OSA's Digital Library

Optics Express

Optics Express

  • Editor: C. Martijn de Sterke
  • Vol. 19, Iss. 12 — Jun. 6, 2011
  • pp: 11256–11263
« Show journal navigation

Enhancing solar cells with localized plasmons in nanovoids

N. N. Lal, B. F. Soares, J. K. Sinha, F. Huang, S. Mahajan, P. N. Bartlett, N. C. Greenham, and J. J. Baumberg  »View Author Affiliations


Optics Express, Vol. 19, Issue 12, pp. 11256-11263 (2011)
http://dx.doi.org/10.1364/OE.19.011256


View Full Text Article

Acrobat PDF (920 KB)





Browse Journals / Lookup Meetings

Browse by Journal and Year


   


Lookup Conference Papers

Close Browse Journals / Lookup Meetings

Article Tools

Share
Citations

Abstract

Localized plasmon resonances of spherical nanovoid arrays strongly enhance solar cell performance by a factor of 3.5 in external quantum efficiency at plasmonic resonances, and a four-fold enhancement in overall power conversion efficiency. Large area substrates of silver nanovoids are electrochemically templated through self-assembled colloidal spheres and organic solar cells fabricated on top. Our design represents a new class of plasmonic photovoltaic enhancement: that of localized plasmon-enhanced absorption within nanovoid structures. Angularly-resolved spectra demonstrate strong localized Mie plasmon modes within the nanovoids. Theoretical modelling shows varied spatial dependence of light intensity within the void region suggesting a first possible route towards Third Generation plasmonic photovoltaics.

© 2011 OSA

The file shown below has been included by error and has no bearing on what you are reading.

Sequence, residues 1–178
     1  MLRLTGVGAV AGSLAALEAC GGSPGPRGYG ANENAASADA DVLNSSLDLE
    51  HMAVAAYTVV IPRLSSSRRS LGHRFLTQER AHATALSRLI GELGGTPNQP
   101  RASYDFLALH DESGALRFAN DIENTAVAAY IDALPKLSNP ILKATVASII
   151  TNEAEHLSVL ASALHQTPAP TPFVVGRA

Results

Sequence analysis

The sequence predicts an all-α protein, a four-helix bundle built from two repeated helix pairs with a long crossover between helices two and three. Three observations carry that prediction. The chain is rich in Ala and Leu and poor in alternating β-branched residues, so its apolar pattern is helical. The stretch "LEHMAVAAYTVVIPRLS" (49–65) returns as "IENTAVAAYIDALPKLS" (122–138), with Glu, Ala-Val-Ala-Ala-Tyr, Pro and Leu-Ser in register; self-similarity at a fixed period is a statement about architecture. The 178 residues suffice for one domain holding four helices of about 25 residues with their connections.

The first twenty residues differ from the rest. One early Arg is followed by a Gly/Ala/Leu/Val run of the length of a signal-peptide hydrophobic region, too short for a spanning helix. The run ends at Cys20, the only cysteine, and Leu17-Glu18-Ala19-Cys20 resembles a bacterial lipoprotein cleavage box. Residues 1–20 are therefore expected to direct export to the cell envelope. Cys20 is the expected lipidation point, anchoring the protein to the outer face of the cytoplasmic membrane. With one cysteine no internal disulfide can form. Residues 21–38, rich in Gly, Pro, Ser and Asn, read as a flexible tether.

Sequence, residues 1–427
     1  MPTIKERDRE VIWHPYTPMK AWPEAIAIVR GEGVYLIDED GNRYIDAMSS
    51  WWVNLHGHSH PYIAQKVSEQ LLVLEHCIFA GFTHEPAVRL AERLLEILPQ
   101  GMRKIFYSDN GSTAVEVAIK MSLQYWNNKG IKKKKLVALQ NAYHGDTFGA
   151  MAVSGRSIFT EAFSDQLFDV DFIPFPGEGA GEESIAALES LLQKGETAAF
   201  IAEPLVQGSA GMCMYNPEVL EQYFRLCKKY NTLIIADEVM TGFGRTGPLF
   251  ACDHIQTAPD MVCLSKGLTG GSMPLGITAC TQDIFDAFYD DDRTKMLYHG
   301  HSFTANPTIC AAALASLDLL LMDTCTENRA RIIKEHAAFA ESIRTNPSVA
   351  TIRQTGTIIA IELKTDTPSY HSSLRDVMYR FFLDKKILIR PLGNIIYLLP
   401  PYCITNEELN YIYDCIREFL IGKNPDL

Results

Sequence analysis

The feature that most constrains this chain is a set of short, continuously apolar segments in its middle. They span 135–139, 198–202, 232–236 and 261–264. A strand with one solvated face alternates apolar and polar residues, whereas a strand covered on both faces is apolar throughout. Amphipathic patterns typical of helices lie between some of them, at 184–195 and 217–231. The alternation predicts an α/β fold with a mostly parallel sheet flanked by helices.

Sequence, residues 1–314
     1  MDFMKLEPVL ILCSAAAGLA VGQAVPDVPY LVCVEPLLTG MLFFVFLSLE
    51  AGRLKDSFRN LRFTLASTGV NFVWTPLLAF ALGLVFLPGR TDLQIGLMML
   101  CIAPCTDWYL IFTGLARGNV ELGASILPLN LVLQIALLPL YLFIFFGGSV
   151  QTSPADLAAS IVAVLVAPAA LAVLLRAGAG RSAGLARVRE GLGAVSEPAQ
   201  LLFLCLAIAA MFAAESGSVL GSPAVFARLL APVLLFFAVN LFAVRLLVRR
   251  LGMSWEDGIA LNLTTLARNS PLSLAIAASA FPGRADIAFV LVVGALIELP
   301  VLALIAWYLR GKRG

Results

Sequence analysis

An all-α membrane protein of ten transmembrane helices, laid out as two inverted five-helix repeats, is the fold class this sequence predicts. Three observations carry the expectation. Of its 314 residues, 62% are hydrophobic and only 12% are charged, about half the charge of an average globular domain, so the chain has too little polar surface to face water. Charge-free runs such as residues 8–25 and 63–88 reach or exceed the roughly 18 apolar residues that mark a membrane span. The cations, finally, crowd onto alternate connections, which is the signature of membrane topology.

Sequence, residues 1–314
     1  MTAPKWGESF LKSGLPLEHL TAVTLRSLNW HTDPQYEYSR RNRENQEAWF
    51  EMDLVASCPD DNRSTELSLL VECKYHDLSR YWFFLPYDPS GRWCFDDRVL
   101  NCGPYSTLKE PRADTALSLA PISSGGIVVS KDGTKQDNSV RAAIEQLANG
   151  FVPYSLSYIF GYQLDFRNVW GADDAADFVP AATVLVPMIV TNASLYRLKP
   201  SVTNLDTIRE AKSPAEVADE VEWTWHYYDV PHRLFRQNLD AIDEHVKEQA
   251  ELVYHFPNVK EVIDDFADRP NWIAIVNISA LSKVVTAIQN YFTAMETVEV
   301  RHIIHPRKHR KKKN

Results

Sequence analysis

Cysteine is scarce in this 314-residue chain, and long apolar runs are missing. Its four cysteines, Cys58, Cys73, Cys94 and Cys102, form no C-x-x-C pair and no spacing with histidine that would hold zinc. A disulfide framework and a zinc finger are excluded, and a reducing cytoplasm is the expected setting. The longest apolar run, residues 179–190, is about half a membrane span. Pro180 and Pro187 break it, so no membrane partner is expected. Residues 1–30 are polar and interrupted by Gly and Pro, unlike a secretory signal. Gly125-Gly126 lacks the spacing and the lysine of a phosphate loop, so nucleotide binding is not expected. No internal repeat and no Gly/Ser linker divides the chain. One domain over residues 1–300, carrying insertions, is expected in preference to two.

1. Introduction

Texturing noble metals on the nanoscale provides the opportunity to control surface plasmon resonances at metal-dielectric interfaces. While the inclusion of nanostructured metals in solar cells presents challenges of fabrication, metallic absorption and resistance losses, choosing the right structure enables an enhancement in overall device performance.

The Mie resonances of noble metal nanoparticles have been applied to solar cells of varied materials in a range of geometries [3

3. K. Catchpole and A. Polman, “Plasmonic solar cells,” Opt. Express 16, 21793–21800 (2008). [CrossRef] [PubMed]

], showing enhanced performance arising from the resonant scattering of light into photoactive layers. Recently, propagating surface plasmon modes arising from structured metal surfaces [4

4. V. Ferry, M. Verschuuren, H. Li, E. Verhagen, B. Hongbo, R. Walters, R. E. I. Schropp, H. A. Atwater, and A. Polman, “Light trapping in ultrathin plasmonic solar cells,” Opt. Express 18, 237–245 (2010). [CrossRef]

6

6. A. J. Morfa, K. L. Rowlen, T. H. Reilly, M. J. Romero, and J. van De Lagemaat, “Plasmon-enhanced solar energy conversion in organic bulk heterojunction photovoltaics,” Appl. Phys. Lett. 92, 013504 (2008). [CrossRef]

], gratings [4

4. V. Ferry, M. Verschuuren, H. Li, E. Verhagen, B. Hongbo, R. Walters, R. E. I. Schropp, H. A. Atwater, and A. Polman, “Light trapping in ultrathin plasmonic solar cells,” Opt. Express 18, 237–245 (2010). [CrossRef]

6

6. A. J. Morfa, K. L. Rowlen, T. H. Reilly, M. J. Romero, and J. van De Lagemaat, “Plasmon-enhanced solar energy conversion in organic bulk heterojunction photovoltaics,” Appl. Phys. Lett. 92, 013504 (2008). [CrossRef]

] and hole-arrays [13

13. J. W. Menezes, J. Ferreira, M. J. L. Santos, L. Cescato, and A. G. Brolo, “Large-area fabrication of periodic arrays of nanoholes in metal films and their application in biosensing and plasmonic-enhanced photovoltaics,” Adv. Func. Mater. 20, 3918–3924 (2010). [CrossRef]

16

16. T. H. Reilly, J. van De Lagemaat, R. C. Tenent, A. J. Morfa, and K. L. Rowlen, “Surface-plasmon enhanced transparent electrodes in organic photovoltaics,” Appl. Phys. Lett. 92, 243304 (2008). [CrossRef]

] have been investigated for photovoltaic enhancement, showing increased absorption predominantly due to the coupling of light into waveguide modes within the photovoltaic layers [1